Experimental design

Patients were submitted to blood collection in different moments, with an interval of 15 days between them. The first moment comprised the group of COPD patients in aerobic exercise without O2 supplementation (AE group). In the second moment, the same patients performed aerobic exercise with O2 supplementation (AE-O2 group). The oxygen supplement (FiO2) was adjusted to maintain the peripheral oxygen saturation above 90% during exercise. The experimental design of the study is shown in Fig. 1.
Fig. 1

Experimental design of the study. COPD, Chronic obstructive pulmonary disease. *Consisted of aerobic exercise performed during 30 minutes in lower limb cycle ergometer (intense training, up to 50% of the maximum heart rate)

Blood collection

Peripheral blood samples were collected in two moments, before and after aerobic exercise, into two tubes with anticoagulant. One aliquot was used for the extraction of lymphocytes for subsequent Comet Assay and the other aliquot was used to obtain blood plasma for the remaining analysis.

DNA damage evaluation by Comet Assay

The Comet Assay was performed under alkaline conditions [16, 17]. Aliquots of 20 μL whole lymphocytes were mixed with 200 μL low melting point agarose (0.7% in phosphate buffer) and added to microscope slides precoated with 1.5% agarose. The slides were then incubated in ice-cold lysis solution (2.5 M NaCl, 100 mM EDTA, 10 mM Tris, 20 mM NaOH, pH 10.2, 1% Triton X-100, and 10% DMSO). After 24 h, the slides were removed from the lysis solution and placed in an electrophoresis unit filled with fresh electrophoresis buffer at 4 °C. In the alkaline version of the Comet Assay (10 M NaOH, 1 mM EDTA, and pH >13), 20 min of denaturation and 15-min electrophoresis time were used. For DNA damage evaluation, 100 cells per sample were analyzed by optical microscopy at 100x magnification. The cells were visually scored by measuring the DNA migration length and the amount of DNA in the “tail” into five classes, ranging from undamaged (damage 0) to maximally damaged (damage 4). Then, the damage index (DI) was calculated for each sample, ranged from 0 (completely undamaged: 100 cells × 0) to 400 (with maximum damage: 100 cells × 4) [18].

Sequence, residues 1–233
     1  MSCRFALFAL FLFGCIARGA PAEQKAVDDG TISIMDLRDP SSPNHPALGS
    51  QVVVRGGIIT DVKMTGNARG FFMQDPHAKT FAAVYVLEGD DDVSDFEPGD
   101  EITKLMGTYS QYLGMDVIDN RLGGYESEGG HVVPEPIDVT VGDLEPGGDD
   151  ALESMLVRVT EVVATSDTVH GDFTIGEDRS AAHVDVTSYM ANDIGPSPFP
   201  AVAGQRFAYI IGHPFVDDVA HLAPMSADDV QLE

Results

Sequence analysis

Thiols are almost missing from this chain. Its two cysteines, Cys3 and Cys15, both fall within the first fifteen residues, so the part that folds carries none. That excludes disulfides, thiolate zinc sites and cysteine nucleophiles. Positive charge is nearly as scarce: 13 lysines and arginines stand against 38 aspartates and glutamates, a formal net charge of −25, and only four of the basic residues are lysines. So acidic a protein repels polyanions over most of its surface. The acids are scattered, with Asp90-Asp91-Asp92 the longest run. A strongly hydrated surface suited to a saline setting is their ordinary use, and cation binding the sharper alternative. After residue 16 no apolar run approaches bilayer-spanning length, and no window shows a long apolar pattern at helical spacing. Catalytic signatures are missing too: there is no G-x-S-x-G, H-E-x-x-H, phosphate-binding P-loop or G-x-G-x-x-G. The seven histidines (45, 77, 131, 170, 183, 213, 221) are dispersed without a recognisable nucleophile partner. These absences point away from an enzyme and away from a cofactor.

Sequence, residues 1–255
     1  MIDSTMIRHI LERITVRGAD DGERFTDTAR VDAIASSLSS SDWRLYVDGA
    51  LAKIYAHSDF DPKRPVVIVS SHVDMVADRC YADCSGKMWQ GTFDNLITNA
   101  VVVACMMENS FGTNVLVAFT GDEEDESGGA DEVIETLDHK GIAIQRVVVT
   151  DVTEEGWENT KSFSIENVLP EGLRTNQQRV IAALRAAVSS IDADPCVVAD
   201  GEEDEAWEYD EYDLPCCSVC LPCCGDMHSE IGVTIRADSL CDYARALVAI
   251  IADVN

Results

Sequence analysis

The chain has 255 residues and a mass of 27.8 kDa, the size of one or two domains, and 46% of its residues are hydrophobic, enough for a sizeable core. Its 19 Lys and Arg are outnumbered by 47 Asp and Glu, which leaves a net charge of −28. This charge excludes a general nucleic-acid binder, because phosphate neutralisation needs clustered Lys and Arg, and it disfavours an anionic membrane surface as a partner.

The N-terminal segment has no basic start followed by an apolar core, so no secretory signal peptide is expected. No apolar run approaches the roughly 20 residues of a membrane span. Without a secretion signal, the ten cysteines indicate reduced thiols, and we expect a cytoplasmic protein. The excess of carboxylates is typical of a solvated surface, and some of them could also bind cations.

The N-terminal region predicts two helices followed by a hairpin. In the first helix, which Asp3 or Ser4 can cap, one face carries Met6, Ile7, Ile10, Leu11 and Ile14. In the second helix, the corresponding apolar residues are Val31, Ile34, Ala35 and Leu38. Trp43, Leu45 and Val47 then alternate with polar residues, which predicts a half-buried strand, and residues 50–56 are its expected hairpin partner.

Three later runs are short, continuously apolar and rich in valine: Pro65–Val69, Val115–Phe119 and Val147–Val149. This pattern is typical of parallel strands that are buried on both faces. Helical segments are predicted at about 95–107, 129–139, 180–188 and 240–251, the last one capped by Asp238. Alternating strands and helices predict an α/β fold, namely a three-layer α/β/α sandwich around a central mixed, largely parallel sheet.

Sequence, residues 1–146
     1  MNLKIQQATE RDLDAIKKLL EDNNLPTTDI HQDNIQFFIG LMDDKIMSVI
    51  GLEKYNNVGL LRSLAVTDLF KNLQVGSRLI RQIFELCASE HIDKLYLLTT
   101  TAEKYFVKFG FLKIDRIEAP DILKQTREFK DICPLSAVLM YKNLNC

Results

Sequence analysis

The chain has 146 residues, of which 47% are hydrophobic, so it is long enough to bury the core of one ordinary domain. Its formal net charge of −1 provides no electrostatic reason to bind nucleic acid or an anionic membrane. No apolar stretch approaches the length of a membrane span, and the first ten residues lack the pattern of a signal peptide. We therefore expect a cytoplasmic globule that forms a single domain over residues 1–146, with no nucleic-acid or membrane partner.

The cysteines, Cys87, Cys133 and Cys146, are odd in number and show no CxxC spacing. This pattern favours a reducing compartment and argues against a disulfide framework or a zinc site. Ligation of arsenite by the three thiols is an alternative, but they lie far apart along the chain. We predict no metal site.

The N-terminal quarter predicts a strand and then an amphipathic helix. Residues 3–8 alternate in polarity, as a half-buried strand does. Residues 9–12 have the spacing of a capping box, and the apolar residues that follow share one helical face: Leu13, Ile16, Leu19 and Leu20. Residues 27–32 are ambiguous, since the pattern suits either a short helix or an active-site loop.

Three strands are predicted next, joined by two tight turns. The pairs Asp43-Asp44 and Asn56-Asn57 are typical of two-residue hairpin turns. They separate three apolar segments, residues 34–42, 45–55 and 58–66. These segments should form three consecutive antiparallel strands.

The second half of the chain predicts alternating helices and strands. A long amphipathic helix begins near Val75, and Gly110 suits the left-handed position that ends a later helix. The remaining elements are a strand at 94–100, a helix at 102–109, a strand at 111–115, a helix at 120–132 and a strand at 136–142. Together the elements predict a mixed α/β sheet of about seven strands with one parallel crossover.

DNA damage repair

For the assessment of susceptibility to exogenous DNA damage, whole lymphocytes were treated with the alkylating agent methyl methanesulphonate (MMS) (8 × 10-5 M) for 1 h or 3 h at 37 °C prior to slides preparation. The percentage of residual DNA damage after 3-h MMS treatment was calculated using the value of 1-h MMS treatment for each subject as 100%. MMS is a DNA alkylation agent widely used as positive control in genotoxicity testing [19].

Statistical analysis

The statistical analyses were performed using the Statistical Package for the Social Sciences 20.0 and p < 0.05 was considered statistically significant. Data were expressed as mean and standard deviation or median (interquartile range) for nonparametric data. Wilcoxon test was used to evaluate the data relating to Comet Assay between the pre- and post-exercise within each group. Mann-Whitney U test was used for comparison between the differences of the data before and after exercise between the groups.

Results